The Big Picture
Antonia carried out her Year in Industry at BAE Systems as a Systems Engineering Industrial Placement Student based at their office in Filton. Her main project revolved around analysing different parts of the Type 26 Frigate, a ship that is currently being built and is scheduled to sail in 2024, to ensure that all the parts worked together properly.
“A lot of what I would do was looking at problems that came up during testing and making sure that they were being managed properly and went to the right person. I then made sure that they were being fixed.”
As well as this, Antonia also worked on making sure that the ship would be balanced, taking into account the weight and volume of the parts respective of where they would be put into place. By the end of her Year in Industry, the third ship in the Type 26 class had started to be built.
The Application Process
What mattered most to Antonia when applying for a placement was the geographical location, so her job search was centred in the South West of the UK where there are many defence companies.
“I’m really interested in ships and planes and things like that which was another big part of the reason. I also knew that I wanted to explore the possibility of engineering, on the basis that I wasn’t sure about what I wanted to do after I graduated. I thought that it was worth trying engineering and seeing how that goes.”
To secure her placement at BAE Systems, Antonia did a telephone interview, a video interview, an aptitude test, a final interview, and then received an offer.
The Learning Curve
Throughout her time at BAE Systems, Antonia used lots of different software designed for engineering and picked up skills across them all.
“I got help with how to do it. I was taught a bit by my predecessor and the rest of the team but there are also resources online. Across the whole business you can access the training, you can do it whenever you want. So I learnt bits and pieces from that but mostly just trial and error. I had a go and made mistakes and fixing them made me better at the work”
The work that Antonia carried out within her Combat Systems team was essential and she very much enjoyed doing it. Alongside this, BAE Systems provide lots of opportunities for early careers people to get involved with, and Antonia did some research to produce an assignment in a small group on the possibility of utilising 3D printing and the possibilities surrounding that.
“I know that has had an impact in that a lot more senior engineers are aware of the possible uses of 3D printing. It definitely had an impact on the business as a whole because I think that will start more conversations.”
The Physics Connection
Having a physics degree was very beneficial in Antonia’s role as it allowed her to better understand the materials that she was working with and how different environments might affect them.
“I did quite a lot of work on the materials that we were using and knowing about the hardness and surface area to volume ratio is necessary. Particularly when you’re going to be putting them through manufacturing processes, it is important to understand why the heating and cooling changes the properties of the metal.”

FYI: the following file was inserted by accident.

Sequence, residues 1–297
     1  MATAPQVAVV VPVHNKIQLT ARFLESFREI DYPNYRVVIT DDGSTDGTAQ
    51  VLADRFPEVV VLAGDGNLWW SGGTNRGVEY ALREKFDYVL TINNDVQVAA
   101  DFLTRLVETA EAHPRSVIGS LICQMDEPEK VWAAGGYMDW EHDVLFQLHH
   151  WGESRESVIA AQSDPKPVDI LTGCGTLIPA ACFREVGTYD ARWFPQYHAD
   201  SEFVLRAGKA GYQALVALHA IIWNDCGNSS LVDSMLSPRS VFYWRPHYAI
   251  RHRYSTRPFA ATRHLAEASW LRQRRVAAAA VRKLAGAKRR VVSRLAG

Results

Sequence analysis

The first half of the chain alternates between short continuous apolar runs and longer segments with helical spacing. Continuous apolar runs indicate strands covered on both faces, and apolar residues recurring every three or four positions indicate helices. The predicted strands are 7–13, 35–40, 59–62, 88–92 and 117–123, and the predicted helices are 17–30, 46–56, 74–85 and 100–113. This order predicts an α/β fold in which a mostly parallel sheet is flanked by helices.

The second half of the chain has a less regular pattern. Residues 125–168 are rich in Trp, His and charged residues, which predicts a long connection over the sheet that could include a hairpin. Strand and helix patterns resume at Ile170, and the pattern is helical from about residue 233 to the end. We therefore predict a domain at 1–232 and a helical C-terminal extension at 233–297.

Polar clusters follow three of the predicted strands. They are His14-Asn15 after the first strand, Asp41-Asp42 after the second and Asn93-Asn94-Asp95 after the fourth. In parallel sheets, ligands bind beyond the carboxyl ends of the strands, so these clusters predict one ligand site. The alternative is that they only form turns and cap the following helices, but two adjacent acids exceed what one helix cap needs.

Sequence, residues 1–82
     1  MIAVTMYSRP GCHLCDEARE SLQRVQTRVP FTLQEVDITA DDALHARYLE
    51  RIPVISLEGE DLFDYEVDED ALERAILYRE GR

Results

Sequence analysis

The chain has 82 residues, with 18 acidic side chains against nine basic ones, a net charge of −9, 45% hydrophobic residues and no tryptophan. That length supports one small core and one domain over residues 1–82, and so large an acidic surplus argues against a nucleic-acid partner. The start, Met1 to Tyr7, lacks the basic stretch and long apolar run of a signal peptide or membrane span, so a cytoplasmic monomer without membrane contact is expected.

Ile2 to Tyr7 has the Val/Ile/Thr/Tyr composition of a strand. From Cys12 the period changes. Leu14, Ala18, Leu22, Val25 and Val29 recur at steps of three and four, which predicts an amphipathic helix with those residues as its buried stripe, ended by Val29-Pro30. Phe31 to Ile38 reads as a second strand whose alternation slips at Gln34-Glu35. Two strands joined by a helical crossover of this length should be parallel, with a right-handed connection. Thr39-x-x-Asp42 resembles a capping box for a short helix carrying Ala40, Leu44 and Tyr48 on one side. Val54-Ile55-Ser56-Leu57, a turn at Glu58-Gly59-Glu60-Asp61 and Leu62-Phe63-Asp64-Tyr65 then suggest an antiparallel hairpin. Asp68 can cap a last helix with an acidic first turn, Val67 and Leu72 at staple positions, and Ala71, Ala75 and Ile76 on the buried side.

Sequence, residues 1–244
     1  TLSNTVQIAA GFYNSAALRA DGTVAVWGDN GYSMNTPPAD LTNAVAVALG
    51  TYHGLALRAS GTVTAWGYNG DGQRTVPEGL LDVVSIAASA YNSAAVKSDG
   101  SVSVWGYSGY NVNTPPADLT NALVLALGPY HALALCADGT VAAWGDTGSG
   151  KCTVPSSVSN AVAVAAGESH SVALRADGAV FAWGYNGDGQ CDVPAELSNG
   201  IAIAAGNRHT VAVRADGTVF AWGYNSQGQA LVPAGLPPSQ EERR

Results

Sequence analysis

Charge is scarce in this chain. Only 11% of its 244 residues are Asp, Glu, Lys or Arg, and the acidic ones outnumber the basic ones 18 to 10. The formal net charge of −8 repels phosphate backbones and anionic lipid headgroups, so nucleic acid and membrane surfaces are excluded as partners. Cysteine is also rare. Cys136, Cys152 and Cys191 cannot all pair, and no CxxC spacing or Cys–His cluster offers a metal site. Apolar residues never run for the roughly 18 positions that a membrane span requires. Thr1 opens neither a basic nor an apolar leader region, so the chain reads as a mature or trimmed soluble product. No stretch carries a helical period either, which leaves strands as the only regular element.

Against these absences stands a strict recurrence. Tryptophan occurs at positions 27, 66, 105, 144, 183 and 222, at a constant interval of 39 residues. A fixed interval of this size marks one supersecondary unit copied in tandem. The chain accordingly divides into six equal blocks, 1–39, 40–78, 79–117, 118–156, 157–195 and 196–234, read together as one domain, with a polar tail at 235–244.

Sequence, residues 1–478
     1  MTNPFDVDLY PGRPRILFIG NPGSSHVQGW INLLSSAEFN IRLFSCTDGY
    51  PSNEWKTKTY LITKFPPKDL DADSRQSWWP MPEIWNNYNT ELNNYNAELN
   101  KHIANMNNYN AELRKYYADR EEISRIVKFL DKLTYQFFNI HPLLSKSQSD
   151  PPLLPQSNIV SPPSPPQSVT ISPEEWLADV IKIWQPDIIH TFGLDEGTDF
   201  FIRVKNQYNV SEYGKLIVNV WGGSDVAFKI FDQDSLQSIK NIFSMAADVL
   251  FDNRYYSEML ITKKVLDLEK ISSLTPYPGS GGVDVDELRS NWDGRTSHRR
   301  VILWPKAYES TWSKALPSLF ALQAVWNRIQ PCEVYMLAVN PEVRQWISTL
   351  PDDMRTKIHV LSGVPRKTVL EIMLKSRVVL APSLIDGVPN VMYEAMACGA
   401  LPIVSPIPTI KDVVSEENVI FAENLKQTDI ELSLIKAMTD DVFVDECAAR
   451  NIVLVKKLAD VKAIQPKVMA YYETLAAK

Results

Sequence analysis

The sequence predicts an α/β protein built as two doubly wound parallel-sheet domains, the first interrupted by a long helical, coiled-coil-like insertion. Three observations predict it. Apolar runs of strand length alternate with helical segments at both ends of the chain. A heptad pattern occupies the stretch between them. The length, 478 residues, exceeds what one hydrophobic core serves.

Aside from physics content, the general IT skills that Antonia was taught during her time at university were essential during her Year in Industry, particularly the use of Excel formulae and programming.
The Professional Skills Stuff
Antonia worked flexibly in tandem with the rest of the business and was able to prioritise and manage her own workload accordingly, sticking to an 8-5 structure that she intends to keep when she returns to university. While at BAE, Antonia attended many regular meetings with her team and was in charge of a monthly two and half hour meeting herself, and despite never being one to struggle with presentations, she struggled with the length of it more so than anything else.
“The best thing you can do is try to get other people involved as well so that it isn’t just you talking for two and a half hours. So what I would always try to do is to have, on every slide, a prompt where I would invite someone to contribute or to speak. I think that it helps a lot to feel less like you’re talking at people which makes the information easier to digest.”
BAE Systems is the largest defence company in the UK, providing a range of goods and services to militaries around the world. For example, it recently finished its Queen Elizabeth Class aircraft carriers, which are now in service for the Royal Navy.
“At BAE Systems, our advanced defence technology protects people and national security, and keeps critical information and infrastructure secure. We search for new ways to provide our customers with a competitive edge across the air, maritime, land and cyber domains.” – BAE Systems
The Final Word
A Year in Industry has both helped and not helped Antonia to narrow down what she wants to do in the future:
“I liked engineering and I would love to continue working at BAE doing engineering, but I’ve also learnt through that that there’s loads of other things I could do as well. In a way it has narrowed it down, but one thing it has definitely done is made me a lot more informed. I have a lot more of an idea of what I would or would not enjoy which makes it a lot easier. It has definitely improved my understanding of my options and how I would like to work in future.”
Antonia would recommend a Year in Industry to other students as she states that it’s a very valuable experience that will make you not only a better student, but a better worker as well, and it will aid your employability upon graduation. Going back to university is something that Antonia is excited about and she intends to carry her work ethic gained while at BAE Systems back into her academic life.